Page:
nowledge of the first Portal
will certainly be of use to anyone playing the sequel, but it isn’t required. Both the single-player and cooperative campaigns start out relatively slow with easier levels meant to get you back into the mindset of using portals, then gradually ramp up the difficulty to challenge you more toward the end. Each puzzle is solved by reaching the exit of the test chamber, which may involve traversing obstacles or activating a switch or two first. Portals allow you to navigate the environment at will, but the trick lies with the need for a line of sight through which to project them and the fact that not all surfaces will support placement of these wormhole gateways. In addition, Material Emancipation Grids (force fields) will destroy any portals you have placed or objects you’re carrying when you walk through them, so many puzzles involve figuring out a way to work around those.
ventually, Portal 2
introduces several new elements to the puzzles, such as a tractor beam-like device called an Excursion Funnel, Hard Light Bridges, and Thermal Discouragement Beams (lasers). All of these can be redirected and thus placed wherever needed to provide transportation or activate switches. For example, you might place a portal at the end of a bridge to create a mobile platform of sorts, capable of carrying you across gaps. The tractor beams can be used in a similar manner, but they will also pick up and carry other objects, perhaps a block, and carry it to wherever the beam ends. At that point, it could be pushing the block onto a button on the wall, or you could remove the beam and drop the block onto a switch that you couldn’t reach yourself. Laser beams can be redirected with portals and/or special mirrored cubes in order to focus them onto a particular kind of switch or even use them as a weapon. There are also three different kinds of liquid gel that apply unique properties to surfaces they are “painted” onto. Repulsion Gel (blue) causes a surface to act like rubber for bouncing off of, Propulsion Gel (orange) greatly enhances your speed as you run across it, and Conversion Gel (white) allows for the placement of a portal on any surface it covers. As you might imagine, these gels act alone or in combination with each other to open up possibilities for many new and unique puzzles.
owever people felt about Portal
’s puzzle-platforming gameplay, there is no doubt that its unique setting combined with the hilarious and memorable dialogue proved a winning combination in the hearts and minds of most people who played it. Despite there being only one main character aside from the mute protagonist the player controls (GLaDOS), her detached, computerized delivery of routine praise and vengeful threats laced with sarcasm made for an unforgettable listening experience. The sequel proves there’s a lot more where that came from and also introduces two more colorful characters: hyperactively moronic personality core Wheatley and boisterous Aperture Science CEO Cave Johnson. Wheatley’s breathless one-sided conversations carry you through most of the first act, with his British accent only compounding the side-splitting funniness. Johnson’s voice is only heard by way of pre-recorded messages, but each one is just as entertaining as those featured in the pre-release trailers. Performances from all three actors are outstanding and each is thoroughly backed by the shrewd, ingenious scripts provided by Valve’s writing team. Whether you like solving puzzles or not, you should play through the game at least once to experience the pinnacle of video game voice work.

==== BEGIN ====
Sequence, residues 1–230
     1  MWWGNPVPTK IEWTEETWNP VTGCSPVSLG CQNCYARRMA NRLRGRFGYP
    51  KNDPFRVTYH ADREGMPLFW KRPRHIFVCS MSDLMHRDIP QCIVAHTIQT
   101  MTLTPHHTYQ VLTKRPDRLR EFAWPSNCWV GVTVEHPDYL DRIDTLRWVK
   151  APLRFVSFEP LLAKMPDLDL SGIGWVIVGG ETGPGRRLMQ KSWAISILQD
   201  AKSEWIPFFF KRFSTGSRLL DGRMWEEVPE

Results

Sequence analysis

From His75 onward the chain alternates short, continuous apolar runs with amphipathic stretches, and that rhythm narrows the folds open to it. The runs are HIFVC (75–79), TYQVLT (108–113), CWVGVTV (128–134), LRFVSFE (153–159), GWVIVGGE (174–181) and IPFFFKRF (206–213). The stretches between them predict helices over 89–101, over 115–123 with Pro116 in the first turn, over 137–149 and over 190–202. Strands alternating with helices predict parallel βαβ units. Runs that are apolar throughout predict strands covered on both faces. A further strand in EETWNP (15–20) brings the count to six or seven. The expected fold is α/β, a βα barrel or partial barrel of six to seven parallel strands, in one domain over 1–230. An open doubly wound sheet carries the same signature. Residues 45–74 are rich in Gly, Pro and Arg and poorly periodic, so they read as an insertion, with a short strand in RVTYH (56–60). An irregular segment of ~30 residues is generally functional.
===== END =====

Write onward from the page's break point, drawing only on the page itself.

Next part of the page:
ven though the Portal 2
cooperative campaign takes place after the events of the single-player story have unfolded, there’s no real risk of spoiling anything if you decide to jump into multiplayer right off the bat. You will end up having to figure out how to use some of the new puzzle elements -- such as the tractor beams and colored gels -- without a formal introduction, but I suppose that would make sense in the context of the crash-test robots you play as. Atlas and P-body (the round one and the tall one, respectively) were designed by GLaDOS specifically to team up and solve puzzles that are too complicated for one set of portals alone. You each have your own portal gun and will be subjected to ever more of her harsh wit and backhanded compliments as you work together to figure out some of the hardest puzzles in the game. Communication is key, so while you can type, place marker icons, and even hold TAB to view things through your partner’s eyes, it is best to have a microphone and play with someone you’re comfortable talking to. The good news is, robots are easily replaceable, so you can die as much as you want and not have to re-load a checkpoint like in single-player. Most of the fun of co-op is in figuring out how the puzzles work for the first time (usually the hard way), so it’s also a good idea to play with someone who hasn’t done it before.